A related theme is the importance of worker collaboration and ownership of the intervention. No matter how brilliant the plan for reducing or alleviating burnout, it will not be successful if it is not adopted and put into practice. Prior consultation with employees at all levels, including front-line and managerial, is essential for any intervention to succeed. First, such consultation may yield modifications of the intervention, which will increase the likelihood of it being effective. Second, if people are on board with the proposed intervention, are willing to put in the necessary time and effort to make the changes and to maintain them, and are committed to achieving the eventual outcome, then the intervention will have a much greater chance of success.

The importance of employees’ active participation in interventions is reflected in the self-determination theory (SDT) of Deci and Ryan (1991) that proposes autonomy, competence, and relatedness as core motivations. An active role in a workplace intervention fulfills employees’ autonomy motivation in that they experience themselves as deciding on their participation rather than feeling manipulated by authority figures. An active role also confirms a sense of efficacy through its implication that employees have the capacity to contribute to improving their experience at work rather than being entirely dependent on others. Working together with colleagues on a shared intervention confirms relatedness by identifying burnout as a shared workplace concern rather than an individual affliction. Aligning interventions with employees’ core motives increases their chances of success.

Implementation and evaluation of burnout interventions

A primary goal of research on burnout is identifying interventions that make a difference in preventing or alleviating the syndrome. This goal requires an understanding not only of the dynamics of burnout, but of the basic principles of how individuals, workgroups, or organizations change. Effective interventions must build upon core qualities of a model of change.

Given that burnout is a response to chronic job stressors, it seems highly unlikely that a short-term, one-shot intervention will make a meaningful difference. The prior literature review seems to support this point, in that long-term interventions were usually more effective, but additional research with follow-up assessments is needed to confirm this proposition. Obviously, a longer framework means that people have more time to learn new skills and behaviors, and more time to practice these until they become familiar and second-nature for everyone. Moreover, there are more opportunities for reciprocal practice and feedback between colleagues, which will both improve and sustain the changes over time.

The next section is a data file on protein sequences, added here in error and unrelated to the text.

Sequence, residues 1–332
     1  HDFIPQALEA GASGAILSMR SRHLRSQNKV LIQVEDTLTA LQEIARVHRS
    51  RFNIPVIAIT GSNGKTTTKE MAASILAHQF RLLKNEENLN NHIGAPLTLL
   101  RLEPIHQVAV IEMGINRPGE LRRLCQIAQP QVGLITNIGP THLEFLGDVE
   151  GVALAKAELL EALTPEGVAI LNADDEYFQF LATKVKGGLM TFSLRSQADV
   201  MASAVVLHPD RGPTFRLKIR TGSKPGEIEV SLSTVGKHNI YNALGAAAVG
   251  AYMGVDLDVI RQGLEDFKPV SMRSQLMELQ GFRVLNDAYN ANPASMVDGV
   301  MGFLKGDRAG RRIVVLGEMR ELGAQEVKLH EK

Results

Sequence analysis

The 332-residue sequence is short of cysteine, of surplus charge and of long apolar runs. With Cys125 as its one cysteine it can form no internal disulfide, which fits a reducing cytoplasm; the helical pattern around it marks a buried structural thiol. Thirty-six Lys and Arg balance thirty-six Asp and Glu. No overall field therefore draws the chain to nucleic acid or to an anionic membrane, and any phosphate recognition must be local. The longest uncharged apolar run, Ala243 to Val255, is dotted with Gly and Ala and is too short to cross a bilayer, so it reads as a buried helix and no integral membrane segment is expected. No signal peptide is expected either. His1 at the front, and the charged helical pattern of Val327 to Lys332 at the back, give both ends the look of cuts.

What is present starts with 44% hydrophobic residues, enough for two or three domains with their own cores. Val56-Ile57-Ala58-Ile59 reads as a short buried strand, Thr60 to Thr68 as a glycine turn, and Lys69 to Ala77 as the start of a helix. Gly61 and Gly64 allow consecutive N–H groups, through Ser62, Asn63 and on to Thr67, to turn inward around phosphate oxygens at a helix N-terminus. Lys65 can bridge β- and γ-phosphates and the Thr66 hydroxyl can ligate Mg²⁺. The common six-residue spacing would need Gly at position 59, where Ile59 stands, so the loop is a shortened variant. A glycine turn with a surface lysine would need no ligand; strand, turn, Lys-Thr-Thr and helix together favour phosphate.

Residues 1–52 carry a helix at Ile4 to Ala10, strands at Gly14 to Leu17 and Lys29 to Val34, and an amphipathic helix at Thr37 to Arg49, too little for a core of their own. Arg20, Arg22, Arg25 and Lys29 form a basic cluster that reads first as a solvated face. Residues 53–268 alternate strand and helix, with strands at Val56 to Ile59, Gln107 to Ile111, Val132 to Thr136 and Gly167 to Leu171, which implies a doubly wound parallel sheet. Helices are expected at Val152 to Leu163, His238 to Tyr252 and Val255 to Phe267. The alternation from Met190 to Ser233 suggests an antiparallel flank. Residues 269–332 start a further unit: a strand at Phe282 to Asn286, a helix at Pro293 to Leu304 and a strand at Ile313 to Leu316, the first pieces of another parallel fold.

Models of change processes

There is much more to successful change than simply practice, because the change process is complex and involves a number of distinct phases. The successful management of these different stages of change requires a lot of time, which is another reason why long-term interventions are likely to be more effective in reaching their change goal than short-term interventions. Several models of change have proposed a basic three-stage process. The first stage focuses on overcoming people’s natural resistance to change and on preparing them to move. The second stage involves the actual transition to a different position or situation. The third stage solidifies and maintains the new change. These three stages have been described as “unfreezing, transition, and (re)freezing” by Lewin (1951, p. 231). A more modern version of the Lewinian model talks about the three stages in terms of “disconfirmation, cognitive restructuring, and refreezing” (Schein, 2004 p. 328). Another model by Bridges (2003) describes the three stages as a) Ending. Losing, Letting Go; b) Neutral Zone; and c) New Beginning.

Kotter (1996) proposed an elaborated, multi-stage model of organizational change. This is an eight-step model that is framed in terms of how leaders can manage change successfully within their organizations. The first step is to establish a sense of urgency about accomplishing a particular change, because people must understand why the change is needed and must be convinced that it is important to take immediate action. The second step involves the creation of a powerful coalition to lead the change effort, and the support to help this group work as a team. The third step is the development of a vision for change, and of strategies for achieving that vision, so that it will help direct the change effort. The fourth step is communication of the vision, in a clear and effective way, so that everyone will understand and buy in to it. The fifth step focuses on empowering broad-based action, by removing obstacles to change and by encouraging innovation and risk-taking. The sixth step is to generate short-term wins, by planning for immediate and visible achievements, and by rewarding those who accomplish them. The seventh step builds on the initial changes by never letting up on the implementation of the vision and by reinvigorating the change process. Finally, the eighth step incorporates the changes into the organizational culture, by connecting the new behaviors to organizational success and future progress.